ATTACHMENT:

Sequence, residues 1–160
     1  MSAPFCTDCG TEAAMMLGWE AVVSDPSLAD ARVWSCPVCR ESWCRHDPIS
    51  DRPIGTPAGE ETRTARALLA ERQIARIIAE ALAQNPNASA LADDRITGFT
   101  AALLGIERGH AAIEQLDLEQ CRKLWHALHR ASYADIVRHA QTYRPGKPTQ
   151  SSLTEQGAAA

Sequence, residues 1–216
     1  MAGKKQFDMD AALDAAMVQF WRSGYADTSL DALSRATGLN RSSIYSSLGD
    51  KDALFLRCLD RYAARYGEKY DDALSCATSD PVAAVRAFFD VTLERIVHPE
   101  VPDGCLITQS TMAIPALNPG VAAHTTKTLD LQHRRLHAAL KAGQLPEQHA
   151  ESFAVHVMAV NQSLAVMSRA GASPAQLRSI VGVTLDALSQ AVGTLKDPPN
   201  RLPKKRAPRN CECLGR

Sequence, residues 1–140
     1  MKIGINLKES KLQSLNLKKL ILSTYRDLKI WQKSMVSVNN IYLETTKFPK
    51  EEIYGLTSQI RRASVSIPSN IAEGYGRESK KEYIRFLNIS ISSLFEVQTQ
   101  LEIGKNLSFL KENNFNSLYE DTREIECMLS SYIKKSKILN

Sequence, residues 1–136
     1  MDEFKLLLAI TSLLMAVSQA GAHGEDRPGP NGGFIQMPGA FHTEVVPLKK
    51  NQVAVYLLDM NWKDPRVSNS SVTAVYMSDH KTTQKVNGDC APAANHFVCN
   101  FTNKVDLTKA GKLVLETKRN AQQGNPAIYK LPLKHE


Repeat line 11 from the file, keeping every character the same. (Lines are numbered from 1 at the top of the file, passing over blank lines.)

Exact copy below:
   201  RLPKKRAPRN CECLGR